Persistent, untreated underlying anxiety disorders such as General Anxiety Disorder or Agoraphobia can also be part of the reason why one might develop this condition. Their general disposition towards anxiety can lead to further worry and anxiety around this particular situation where they fear being trapped and as a result led to development of the phobia.
What are the treatment options for Cleithrophobia?
If your Cleithrophobia symptoms are debilitating or severe to the point where it is getting in the way of your day to day life, the most advisable thing you can do is to seek treatment from a mental health professional.
The treatment options for this particular phobia follow the same treatment as most Specific phobia treatments go.
You will have the option of engaging in Behavioural change techniques used in behavioural therapy as well as cognitive behavioural therapy techniques which have enough evidence that set them as good treatment options for anxiety and specific phobia disorders.
Cognitive behavioural therapy
In terms of Cognitive behavioural therapies your therapist will teach you how to regulate your negative and irrational thoughts when you come across triggers.
They will guide you in restructuring your thoughts and your beliefs about triggers and also about your fears of being trapped in a place.
As you engage in therapy you will start learning to alter your thoughts, develop an awareness of how you feel, and as a consequence the way you react in situations where you are faced with a real or imagined trigger.
Rational Emotive Behavioural therapy
REBT is an action-oriented type of CBT that addresses unhealthy or irrational beliefs and attitudes that influence thoughts, emotions, and behaviours.
It follows the ABC model of developing an awareness about the processes that influenced the development of the phobia such as the activating event, the beliefs that were developed as a result and the consequences of those beliefs.
It uses a method known as “disputing” to assist individuals develop realistic and healthy beliefs and as a consequence develop the ability to rationalise their thoughts and their emotional and behavioural responses as well.
Therapists can also help you develop and learn relaxation techniques that can go hand in hand with other CBT and exposure techniques.
They use meditative relaxation or imagery to help you embrace the present and focus on your internal self when you are close to a trigger that can deter you from a panic reaction.
Exposure therapy involves you being placed in a non-dangerous state that allows you to come in contact with your triggers and trigger a phobia response. These situations differ in intensity and the constant explorer has been hypothesised to help you develop familiarity and reduce fear.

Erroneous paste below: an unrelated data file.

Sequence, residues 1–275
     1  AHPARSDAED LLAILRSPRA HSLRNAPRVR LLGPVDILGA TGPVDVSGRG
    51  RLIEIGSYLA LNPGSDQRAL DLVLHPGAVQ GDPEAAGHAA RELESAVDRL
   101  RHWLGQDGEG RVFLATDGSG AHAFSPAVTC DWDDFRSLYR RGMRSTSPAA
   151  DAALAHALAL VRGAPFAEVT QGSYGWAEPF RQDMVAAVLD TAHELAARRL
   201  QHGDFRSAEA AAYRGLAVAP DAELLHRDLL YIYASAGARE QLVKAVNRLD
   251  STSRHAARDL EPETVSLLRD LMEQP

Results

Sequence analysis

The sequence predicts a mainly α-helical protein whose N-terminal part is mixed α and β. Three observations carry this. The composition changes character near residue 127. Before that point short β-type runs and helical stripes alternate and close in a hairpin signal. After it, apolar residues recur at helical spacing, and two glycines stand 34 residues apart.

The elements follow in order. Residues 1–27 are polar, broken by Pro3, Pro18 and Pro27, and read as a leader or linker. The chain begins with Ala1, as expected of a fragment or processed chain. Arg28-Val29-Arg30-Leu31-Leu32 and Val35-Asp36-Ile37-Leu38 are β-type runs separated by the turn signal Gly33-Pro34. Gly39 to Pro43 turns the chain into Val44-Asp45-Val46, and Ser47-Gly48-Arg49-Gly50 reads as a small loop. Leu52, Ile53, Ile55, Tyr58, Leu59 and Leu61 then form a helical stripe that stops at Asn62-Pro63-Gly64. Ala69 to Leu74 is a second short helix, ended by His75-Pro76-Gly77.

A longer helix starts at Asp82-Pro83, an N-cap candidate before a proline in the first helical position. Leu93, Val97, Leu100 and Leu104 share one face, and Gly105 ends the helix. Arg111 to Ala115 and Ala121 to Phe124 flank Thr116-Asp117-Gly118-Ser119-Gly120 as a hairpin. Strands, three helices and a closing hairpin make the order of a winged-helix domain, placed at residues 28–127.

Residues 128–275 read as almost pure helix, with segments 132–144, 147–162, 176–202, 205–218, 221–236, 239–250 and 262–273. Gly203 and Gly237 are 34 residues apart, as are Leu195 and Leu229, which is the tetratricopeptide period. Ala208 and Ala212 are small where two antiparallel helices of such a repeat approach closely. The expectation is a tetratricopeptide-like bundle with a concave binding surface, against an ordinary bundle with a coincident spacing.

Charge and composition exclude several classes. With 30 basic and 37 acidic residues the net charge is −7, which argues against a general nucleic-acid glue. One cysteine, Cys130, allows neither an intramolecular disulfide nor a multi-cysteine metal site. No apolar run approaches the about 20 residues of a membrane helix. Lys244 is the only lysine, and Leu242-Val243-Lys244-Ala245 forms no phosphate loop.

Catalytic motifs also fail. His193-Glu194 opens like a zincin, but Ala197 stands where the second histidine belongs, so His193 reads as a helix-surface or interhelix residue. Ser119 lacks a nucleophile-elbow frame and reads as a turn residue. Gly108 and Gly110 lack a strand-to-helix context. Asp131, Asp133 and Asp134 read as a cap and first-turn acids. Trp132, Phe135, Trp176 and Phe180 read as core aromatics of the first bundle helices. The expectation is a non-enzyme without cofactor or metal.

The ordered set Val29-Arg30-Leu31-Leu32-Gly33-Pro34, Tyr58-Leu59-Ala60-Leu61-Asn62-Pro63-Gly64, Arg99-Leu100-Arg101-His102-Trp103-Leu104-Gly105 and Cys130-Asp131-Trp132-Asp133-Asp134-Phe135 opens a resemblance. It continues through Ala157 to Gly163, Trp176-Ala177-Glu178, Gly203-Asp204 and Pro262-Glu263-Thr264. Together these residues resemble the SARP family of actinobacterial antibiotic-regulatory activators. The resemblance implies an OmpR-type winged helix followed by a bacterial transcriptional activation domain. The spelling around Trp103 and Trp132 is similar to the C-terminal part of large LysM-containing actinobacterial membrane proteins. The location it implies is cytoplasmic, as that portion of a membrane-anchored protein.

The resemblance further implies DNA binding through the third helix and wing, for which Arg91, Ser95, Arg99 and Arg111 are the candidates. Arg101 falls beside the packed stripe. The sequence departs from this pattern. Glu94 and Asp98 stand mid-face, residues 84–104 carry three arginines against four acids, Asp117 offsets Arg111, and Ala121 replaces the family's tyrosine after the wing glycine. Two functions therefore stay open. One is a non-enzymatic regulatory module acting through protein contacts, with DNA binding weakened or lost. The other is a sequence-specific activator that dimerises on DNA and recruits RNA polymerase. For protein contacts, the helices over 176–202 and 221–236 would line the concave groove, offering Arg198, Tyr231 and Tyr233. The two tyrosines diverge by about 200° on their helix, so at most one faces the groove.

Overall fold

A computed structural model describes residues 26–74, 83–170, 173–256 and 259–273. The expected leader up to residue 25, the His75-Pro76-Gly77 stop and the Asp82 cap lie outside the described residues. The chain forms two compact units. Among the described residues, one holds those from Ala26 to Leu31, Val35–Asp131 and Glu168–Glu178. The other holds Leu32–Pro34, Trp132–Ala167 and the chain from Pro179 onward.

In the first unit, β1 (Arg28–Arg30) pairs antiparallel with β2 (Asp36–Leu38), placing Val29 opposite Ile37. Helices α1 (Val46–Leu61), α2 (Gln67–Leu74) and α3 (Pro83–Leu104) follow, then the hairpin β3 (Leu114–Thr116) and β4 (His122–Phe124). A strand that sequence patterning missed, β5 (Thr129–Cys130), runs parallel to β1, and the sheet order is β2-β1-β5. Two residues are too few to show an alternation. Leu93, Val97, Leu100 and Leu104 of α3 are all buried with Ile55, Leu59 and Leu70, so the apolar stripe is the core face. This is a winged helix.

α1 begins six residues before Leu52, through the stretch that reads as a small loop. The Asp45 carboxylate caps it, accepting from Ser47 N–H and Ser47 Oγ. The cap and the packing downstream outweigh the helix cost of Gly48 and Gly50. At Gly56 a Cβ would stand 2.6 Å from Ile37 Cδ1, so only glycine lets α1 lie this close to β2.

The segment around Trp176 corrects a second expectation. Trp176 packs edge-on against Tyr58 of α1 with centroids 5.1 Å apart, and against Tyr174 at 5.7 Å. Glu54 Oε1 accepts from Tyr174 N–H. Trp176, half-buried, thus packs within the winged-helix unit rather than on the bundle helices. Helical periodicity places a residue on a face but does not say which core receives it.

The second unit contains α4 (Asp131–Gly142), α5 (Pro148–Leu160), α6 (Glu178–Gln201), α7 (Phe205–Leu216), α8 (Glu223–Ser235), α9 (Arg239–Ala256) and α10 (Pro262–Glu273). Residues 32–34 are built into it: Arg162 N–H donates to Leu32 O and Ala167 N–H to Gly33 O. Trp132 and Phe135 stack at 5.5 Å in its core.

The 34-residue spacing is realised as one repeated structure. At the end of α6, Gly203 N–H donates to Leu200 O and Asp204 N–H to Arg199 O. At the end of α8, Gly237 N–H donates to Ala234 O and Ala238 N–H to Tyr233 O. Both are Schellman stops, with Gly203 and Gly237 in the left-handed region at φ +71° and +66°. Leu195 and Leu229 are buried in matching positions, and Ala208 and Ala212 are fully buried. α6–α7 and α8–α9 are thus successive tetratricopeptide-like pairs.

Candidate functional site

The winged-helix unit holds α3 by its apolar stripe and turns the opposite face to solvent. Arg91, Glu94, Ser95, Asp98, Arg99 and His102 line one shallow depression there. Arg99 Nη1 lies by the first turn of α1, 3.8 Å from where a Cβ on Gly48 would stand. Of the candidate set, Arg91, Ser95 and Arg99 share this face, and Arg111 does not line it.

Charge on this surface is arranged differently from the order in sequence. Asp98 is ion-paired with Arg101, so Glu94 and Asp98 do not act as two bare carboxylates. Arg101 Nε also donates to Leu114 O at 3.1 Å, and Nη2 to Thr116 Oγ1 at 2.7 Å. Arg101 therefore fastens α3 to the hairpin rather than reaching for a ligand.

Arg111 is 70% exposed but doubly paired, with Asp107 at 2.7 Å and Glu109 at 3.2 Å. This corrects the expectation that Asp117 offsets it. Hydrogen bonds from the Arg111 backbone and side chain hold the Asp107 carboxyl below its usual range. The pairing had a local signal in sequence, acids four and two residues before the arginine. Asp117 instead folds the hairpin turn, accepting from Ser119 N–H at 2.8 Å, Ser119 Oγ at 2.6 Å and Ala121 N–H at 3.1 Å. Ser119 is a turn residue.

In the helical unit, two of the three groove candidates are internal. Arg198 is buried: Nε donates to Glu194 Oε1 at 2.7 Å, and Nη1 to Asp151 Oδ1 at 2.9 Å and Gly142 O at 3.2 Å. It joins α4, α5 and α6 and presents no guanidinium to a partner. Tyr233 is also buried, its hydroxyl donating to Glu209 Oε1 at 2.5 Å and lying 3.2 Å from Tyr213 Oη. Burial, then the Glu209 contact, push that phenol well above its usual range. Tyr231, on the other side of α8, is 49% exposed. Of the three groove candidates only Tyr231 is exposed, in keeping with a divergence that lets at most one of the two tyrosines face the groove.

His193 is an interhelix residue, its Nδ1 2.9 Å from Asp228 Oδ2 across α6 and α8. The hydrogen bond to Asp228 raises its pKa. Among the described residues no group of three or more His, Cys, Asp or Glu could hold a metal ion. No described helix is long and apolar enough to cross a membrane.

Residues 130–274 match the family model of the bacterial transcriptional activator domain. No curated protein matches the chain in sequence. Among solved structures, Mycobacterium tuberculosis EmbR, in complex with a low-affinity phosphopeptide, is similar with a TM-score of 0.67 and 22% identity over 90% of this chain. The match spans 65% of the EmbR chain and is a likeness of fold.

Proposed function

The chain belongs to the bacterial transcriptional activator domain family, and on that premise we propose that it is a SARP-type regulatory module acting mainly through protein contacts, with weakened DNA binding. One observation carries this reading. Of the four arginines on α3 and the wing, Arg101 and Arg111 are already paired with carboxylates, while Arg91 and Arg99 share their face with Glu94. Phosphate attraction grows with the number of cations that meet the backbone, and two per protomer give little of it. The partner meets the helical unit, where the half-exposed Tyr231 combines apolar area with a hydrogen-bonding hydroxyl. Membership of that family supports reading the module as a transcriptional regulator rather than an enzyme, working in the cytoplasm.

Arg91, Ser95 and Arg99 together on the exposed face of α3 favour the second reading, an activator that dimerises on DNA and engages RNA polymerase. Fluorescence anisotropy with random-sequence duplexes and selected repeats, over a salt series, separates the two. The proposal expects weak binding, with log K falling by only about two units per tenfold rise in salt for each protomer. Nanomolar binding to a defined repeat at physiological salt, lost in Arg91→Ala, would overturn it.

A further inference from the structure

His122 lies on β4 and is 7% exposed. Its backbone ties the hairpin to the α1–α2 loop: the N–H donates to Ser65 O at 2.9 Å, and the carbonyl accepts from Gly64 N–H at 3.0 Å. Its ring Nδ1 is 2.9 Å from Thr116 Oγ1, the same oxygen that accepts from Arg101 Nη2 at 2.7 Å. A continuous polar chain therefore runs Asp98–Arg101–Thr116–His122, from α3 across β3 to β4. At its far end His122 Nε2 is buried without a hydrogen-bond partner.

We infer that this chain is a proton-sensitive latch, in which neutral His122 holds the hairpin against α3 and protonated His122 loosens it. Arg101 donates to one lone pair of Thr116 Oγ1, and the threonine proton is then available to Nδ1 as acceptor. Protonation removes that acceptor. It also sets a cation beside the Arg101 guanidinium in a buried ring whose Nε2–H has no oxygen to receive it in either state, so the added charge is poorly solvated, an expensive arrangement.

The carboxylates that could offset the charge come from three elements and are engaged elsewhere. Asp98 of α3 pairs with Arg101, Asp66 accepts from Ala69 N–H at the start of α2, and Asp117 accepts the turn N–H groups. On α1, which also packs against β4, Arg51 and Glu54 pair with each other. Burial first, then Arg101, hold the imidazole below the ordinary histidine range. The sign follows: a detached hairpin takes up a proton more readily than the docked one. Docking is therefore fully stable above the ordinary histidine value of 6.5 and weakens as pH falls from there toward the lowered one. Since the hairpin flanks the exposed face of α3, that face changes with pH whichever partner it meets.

If your anxiety is extremely severe your doctor may prescribe you antidepressants or an anti-anxiety medication to assist your phobia treatment, your panic, and other physical symptoms.
People with milder phobia symptoms that need not necessarily seek out treatment- in cases where they are able to function well and the phobia is not part of their daily struggles can find relief from a variety of self-help techniques.
They can also learn meditation techniques as well as relaxation techniques on their own and can develop a support system from the people around them. They can also learn how to manage their anxiety or fears by planning their lives in such a way that they do not come across triggers and at the same time does not cost them their quality of life.
This blog post explored what Cleithrophobia is and covered topics like what are the symptoms of Cleithrophobia and what makes it different from claustrophobia.
We have also explored the various risk factors that can cause the development of this particular phobia, and the interventions and treatment available for this phobia.
FAQ related to Cleithrophobia
What is the rarest phobia?
- Some of the rare phobias include:
- Ablutophobia which is the Fear of bathing.
- Arachibutyrophobia which is the Fear of peanut butter sticking to the roof of your mouth.
- Arithmophobia which involves Fear of math.
- Chirophobia which is Fear of hands.
- Fructophobia which is the fear of fruits.
- Globophobia or the Fear of balloons
What’s the difference between claustrophobia and Cleithrophobia?
The major difference between Claustrophobia and Cleithrophobia is that Claustrophobia is a fear of place or space.
Whereas Cleithrophobia is the fear of a situation where they fear that they will get trapped or locked in- it is irrespective of the size of the space.
Why do I have Cleithrophobia?
In general, cleithrophobia is developed commonly due to past experiences of being trapped in a space. This particular experience usually happens when people are young and they are trapped or confined in dark spaces for long periods of time.
When this event of traumatic situation is not resolved in a healthy way by a guide or a parent, it can lead to irrational beliefs that lead to irrational fears and phobia of being trapped.
What is the fear of being restrained called?
Merinthophobia is the fear of being bound or tied up- the word has its origins in Greek where the word “merintho” means string.
Cleithrophobia Causes, Symptoms And Treatment. Fear Exit. 28th June, 2019. Retrieved on 11th Dec 2021. https://medium.com/@fearexit2019/cleithrophobia-causes-symtoms-and-treatment-dc72ffda9745
Fritscher. L. Cleithrophobia: The Fear of Being Trapped. Verywellmind. 9th June, 2020. Retrieved on 11th Dec 2021. https://www.verywellmind.com/cleithrophobia-2671737
Greene. P. Cleithrophobia: The Fear of Being Trapped. Manhattan Center for Cognitive Behavioral Therapy. 23rd August 2021. Retrieved on 11th December 2021. https://www.manhattancbt.com/archives/2464/cleithrophobia/